More People Are Calling For A Total Ban On Airplane Booze [Updated]

An airplane booze ban was a hot topic at a recent Senate hearing.

Update, December 21, 2021: Holiday travel is in full swing this week. That, plus fears around the latest COVID-19 variant, plus this year's influx in airline passenger misbehavior (see original article below), has some officials calling for a total ban on drinking on airplanes. Not just an airline-specific ban—a total ban.

Yahoo Finance reports that Massachusetts Senator Ed Markey is on the Senate Committee on Commerce, Science, and Transportation, a committee which recently held a hearing on "Oversight of the U.S. Airline Industry." There, Markey called for serious alcohol regulation, even suggesting an industry-wide ban.

"There are more than 5,000 incidents already that have been violent in nature on planes, and so many of them are tied to alcohol," Markey told Yahoo Finance. Markey continued: "Given the level of volatility in the skies that we're seeing with passengers who are almost ideologically in opposition to any mask mandate, or any control of how people are traveling, leads to inevitably, it's sad to say, a ban on alcohol as well, until this whole situation is put under control."

Sara Nelson, the international president of the Association of Flight Attendants-CWA, AFL-CIO, agreed with Markey's testimony. "The problem with aviation right now is the violence towards flight attendants and other aviation workers that has remained constant at record high levels during the biggest crisis our nation has faced in 100 years," Nelson said, calling for the elimination of "to-go" drinks served in airports.

If you rely on a little tipple to get through a flight, it might be time to consider alternative coping mechanisms.

Original post, June 2, 2021: A few weeks ago, we reported on United Airlines' new in-flight drink menu, which includes White Claw spiked seltzer so you can fly the really friendly skies. But now, airlines appear to be experiencing a bit of boozy turbulence, leading some major carriers to discontinue alcohol service until further notice. Food & Wine reports that, as a result of "passengers behaving badly," both American Airlines and Southwest Airlines have decided not to resume alcoholic beverage service during flights.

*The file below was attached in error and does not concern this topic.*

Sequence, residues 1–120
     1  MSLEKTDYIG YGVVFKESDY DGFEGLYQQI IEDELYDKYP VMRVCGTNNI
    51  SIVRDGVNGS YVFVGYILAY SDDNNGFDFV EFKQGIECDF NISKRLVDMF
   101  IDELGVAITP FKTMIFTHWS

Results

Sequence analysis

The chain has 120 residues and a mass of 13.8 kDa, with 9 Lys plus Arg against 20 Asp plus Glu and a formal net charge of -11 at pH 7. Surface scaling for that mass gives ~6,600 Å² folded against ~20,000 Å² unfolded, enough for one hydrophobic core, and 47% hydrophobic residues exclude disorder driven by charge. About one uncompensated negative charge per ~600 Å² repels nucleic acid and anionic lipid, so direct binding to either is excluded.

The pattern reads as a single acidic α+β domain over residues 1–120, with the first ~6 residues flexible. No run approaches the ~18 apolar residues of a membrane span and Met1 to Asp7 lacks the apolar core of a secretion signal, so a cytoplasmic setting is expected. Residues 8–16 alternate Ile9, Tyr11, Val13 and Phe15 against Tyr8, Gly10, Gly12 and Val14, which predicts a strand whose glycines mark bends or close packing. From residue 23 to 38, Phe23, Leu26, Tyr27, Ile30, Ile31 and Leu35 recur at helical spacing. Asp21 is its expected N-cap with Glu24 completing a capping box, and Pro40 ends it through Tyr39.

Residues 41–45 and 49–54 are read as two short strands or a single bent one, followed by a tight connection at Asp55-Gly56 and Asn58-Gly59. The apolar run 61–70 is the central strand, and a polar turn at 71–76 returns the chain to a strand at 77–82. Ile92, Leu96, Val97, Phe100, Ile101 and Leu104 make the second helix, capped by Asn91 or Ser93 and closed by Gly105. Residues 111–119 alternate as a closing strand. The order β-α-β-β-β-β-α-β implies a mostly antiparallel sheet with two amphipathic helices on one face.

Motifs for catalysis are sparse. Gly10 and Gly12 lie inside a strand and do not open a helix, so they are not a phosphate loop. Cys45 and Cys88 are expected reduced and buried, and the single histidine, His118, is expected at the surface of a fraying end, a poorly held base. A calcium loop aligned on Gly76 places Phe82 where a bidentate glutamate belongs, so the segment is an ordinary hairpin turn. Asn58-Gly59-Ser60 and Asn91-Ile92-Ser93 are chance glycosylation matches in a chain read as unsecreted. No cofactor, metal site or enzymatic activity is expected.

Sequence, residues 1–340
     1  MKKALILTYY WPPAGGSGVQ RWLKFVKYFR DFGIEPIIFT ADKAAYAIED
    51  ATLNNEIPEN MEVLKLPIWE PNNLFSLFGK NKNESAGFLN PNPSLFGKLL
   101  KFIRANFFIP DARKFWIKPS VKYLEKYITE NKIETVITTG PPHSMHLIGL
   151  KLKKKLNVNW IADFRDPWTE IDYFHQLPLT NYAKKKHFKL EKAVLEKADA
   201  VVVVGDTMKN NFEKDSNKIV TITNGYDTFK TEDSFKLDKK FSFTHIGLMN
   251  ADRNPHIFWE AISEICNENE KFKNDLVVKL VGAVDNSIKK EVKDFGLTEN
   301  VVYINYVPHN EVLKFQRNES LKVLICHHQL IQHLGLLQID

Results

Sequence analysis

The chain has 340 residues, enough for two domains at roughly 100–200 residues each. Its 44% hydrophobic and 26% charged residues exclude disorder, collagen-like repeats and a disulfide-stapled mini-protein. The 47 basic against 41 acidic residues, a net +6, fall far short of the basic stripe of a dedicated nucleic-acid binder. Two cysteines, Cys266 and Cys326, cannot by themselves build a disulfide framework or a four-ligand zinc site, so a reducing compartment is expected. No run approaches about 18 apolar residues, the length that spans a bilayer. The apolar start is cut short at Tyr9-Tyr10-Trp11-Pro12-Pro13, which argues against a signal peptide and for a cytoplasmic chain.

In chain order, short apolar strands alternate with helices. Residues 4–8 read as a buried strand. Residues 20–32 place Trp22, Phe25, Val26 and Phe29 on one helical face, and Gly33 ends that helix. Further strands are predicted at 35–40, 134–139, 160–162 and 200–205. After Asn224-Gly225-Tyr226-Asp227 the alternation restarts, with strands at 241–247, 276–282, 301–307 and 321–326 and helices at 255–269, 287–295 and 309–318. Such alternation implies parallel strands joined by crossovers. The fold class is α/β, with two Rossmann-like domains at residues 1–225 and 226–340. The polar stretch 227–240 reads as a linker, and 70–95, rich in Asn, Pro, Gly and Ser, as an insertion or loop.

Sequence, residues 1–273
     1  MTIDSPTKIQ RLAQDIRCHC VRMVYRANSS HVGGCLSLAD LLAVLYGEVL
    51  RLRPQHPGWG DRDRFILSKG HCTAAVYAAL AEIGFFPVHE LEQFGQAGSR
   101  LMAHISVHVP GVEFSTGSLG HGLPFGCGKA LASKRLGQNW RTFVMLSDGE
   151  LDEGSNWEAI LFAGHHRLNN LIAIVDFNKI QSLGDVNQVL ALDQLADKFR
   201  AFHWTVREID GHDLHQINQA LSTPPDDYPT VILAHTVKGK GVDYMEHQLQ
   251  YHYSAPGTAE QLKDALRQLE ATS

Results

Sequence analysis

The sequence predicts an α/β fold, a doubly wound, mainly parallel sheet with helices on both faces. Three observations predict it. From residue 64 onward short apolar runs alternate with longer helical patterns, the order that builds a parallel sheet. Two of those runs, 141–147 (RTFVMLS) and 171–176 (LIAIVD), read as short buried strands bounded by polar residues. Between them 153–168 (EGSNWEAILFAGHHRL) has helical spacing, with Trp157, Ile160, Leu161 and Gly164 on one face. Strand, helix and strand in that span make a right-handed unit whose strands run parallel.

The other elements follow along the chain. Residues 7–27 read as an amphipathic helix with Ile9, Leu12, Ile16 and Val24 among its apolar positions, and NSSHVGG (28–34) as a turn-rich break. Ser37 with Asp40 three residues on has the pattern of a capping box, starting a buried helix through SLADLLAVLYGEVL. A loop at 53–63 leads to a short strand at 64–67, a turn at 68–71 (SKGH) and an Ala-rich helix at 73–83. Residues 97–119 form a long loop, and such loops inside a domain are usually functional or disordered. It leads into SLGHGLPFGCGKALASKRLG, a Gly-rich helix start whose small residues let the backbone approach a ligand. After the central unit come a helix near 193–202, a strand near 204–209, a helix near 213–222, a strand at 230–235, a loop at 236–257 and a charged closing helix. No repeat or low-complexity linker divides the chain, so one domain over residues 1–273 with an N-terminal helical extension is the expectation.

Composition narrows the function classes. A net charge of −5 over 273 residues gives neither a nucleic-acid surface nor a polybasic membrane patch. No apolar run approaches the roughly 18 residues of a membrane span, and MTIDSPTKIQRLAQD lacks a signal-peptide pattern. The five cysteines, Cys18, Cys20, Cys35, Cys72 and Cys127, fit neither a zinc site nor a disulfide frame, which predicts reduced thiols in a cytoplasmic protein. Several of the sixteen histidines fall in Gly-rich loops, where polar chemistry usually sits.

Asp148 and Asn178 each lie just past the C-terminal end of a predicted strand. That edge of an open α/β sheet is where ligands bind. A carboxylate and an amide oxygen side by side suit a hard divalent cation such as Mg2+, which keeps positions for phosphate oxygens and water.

Some background: just last weekend, a Southwest flight attendant lost two teeth after a passenger punched her in the face, The New York Times reports. The Times also reports that, since January 1, the Federal Aviation Administration has received about 2,500 reports of unruly behavior by passengers, including about 1,900 reports of passengers refusing to comply with the federal mask mandate.

"Flight attendants are on the front lines every day not only ensuring our customers' safety, but are also calming fears, answering questions, and enforcing policies like federally-required face masks," Brady Byrnes, American Airlines managing director of flight service, wrote in a memo to the airline's flight attendants, according to CNN. "Over the past week we've seen some of these stressors create deeply disturbing situations on board aircraft [...] We also recognize that alcohol can contribute to atypical behavior from customers onboard and we owe it to our crew not to potentially exacerbate what can already be a new and stressful situation for our customers."

With that in mind, Southwest had reversed its decision to resume serving beer and wine on flights to and from Hawaii starting June 24. The airline also planned to resume selling beer, wine, vodka, and whisky on all flights over 251 miles on July 14; those plans have been scrapped for the time being. American has already started serving boozy beverages in its domestic premium cabins, and while first class and business class passengers can still get in-flight alcohol, the main cabin menu will stay dry for now. American says that it will consider resuming alcohol service on Monday, September 13, when the federal face mask mandate is set to expire. For now, please avoid in-flight assholery. I mean, really.